In my opinion, the meaning of all adjudicable acts is at least partly extra-legal. During a trial, acts are always interpreted in their real social and moral contexts, otherwise there would be no point in pleading extenuating circumstances or bringing in social and psychological factors or the current state of science and art, as in M’Naghten, Leopold and Loeb, Brown, Scopes, or all censorship cases. Rather, it is implicit in the very idea of trial by a jury or peers that the indictment will be interpreted and judged, at least partly, according to substantive social and moral, and not merely formal and legal, justice. The jury is supposed to bring in its own life experience and values; and it must consist of peers in order that the defendant’s acts may be understood in the sense that they were performed. (Thus the Panthers claim that white jurors are not adequate peers.)

But if all trials, and especially trials with novel issues, depend on the social, moral, and political interpretation of the community, it is unacceptable for judges to run them as if the meaning of acts could be defined in cut-and-dried courtroom terms; but this is what happened with Spock, the Chicago Seven, and others. In any State legal system, with abstract statutes and penalties imposed from above, it is inevitable, and perhaps useful, that there is a distinction between legal justice and moral or political justice — as an anarchist, I am not so sure that it is useful — but it is monstrous to try to make this distinction absolute, to direct a  jury not to consult its life experience and values, and to prevent a jury from hearing evidence in that direction.

Political, moral, and civil libertarian defendants have always used Political Trials to address the public outside the courtroom. This is in itself a good thing, it is part of the democratic process. A man willing to risk his liberty for his beliefs has a claim to air them in. court, and the public can only profit by hearing deeply held convictions. The one disadvantage to it could be that the stump speeches may take so long as to be obstructive to the court procedure, but any judge has enough power to prevent this kind of filibuster. It is quite another matter for a judge to keep defendants from explaining themselves to the jury, including the jury’s political judgment, as part of the judicial process. The result of trying to prevent a trial from being political in this reasonable sense is to drive lively and intelligent defendants to make the court itself a place of confrontation, physical force, or tricks, not a judicial forum at all. The defendants can no longer give allegiance to the court, and we must go back to the problem of disruptive defendants that we started from.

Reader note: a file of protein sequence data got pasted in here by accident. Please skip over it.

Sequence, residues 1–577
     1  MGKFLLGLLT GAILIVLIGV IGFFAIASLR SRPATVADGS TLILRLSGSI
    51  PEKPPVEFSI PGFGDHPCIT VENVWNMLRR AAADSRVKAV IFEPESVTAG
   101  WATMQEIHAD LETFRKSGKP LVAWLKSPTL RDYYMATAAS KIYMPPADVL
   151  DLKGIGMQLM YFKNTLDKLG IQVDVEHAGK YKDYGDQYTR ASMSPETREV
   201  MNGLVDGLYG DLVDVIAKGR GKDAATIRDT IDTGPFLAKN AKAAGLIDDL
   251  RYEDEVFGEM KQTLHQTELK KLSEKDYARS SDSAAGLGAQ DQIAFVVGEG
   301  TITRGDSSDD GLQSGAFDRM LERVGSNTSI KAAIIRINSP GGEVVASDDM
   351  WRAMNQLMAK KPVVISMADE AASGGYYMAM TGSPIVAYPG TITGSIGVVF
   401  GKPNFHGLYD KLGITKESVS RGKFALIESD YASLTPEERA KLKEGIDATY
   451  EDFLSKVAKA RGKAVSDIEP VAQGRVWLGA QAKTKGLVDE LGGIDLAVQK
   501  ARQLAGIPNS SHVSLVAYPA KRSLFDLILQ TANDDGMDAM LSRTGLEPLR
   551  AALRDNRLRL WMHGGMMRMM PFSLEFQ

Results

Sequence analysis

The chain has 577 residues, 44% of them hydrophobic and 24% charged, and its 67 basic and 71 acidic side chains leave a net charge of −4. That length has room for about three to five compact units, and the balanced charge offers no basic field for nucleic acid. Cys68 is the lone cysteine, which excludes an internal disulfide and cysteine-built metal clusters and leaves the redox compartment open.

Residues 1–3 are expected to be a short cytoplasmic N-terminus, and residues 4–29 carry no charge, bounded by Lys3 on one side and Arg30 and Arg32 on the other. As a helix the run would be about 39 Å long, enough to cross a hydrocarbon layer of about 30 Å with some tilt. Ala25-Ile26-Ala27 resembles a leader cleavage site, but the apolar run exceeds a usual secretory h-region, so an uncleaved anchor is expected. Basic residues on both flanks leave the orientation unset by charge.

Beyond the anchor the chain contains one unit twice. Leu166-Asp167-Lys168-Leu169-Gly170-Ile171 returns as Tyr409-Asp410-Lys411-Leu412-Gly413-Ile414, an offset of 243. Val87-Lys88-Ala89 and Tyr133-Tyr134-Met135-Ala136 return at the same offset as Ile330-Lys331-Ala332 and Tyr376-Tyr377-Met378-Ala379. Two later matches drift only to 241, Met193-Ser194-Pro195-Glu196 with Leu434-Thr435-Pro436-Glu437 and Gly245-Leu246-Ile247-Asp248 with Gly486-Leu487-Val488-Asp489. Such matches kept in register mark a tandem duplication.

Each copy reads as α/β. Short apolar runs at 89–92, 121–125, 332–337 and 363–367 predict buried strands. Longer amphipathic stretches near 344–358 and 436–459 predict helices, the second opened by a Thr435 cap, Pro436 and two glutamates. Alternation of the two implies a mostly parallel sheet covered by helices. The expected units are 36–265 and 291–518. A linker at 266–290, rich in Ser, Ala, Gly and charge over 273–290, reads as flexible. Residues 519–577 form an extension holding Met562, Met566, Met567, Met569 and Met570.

Finally, in the midst of the courtroom uproar there is increasingly appearing a strain that is not political at all, but existentialist and religious: the middle-class young people, the witness-bearing of priests, the noise of the sons of uprooted urban poverty. This is a response of life in over-structured and dehumanized institutions; it is not aimed at the courts as such but at all authority. Naturally it ought not to shout demands for “constitutional rights” or “Power to the People” or “Socialism”­ — any constituted society would have statutes and courts — but it really makes no difference what the words are, though Abbie is unusually boring.

My own intuition, as a conservative anarchist, is that we ought to affirm Magna Carta and the Bill of Rights as among our great victories, that we have to preserve and extend, at the same time as we increasingly try to get away from States and Courts altogether. ❖

This article from the Village Voice Archive was posted on October 24, 2020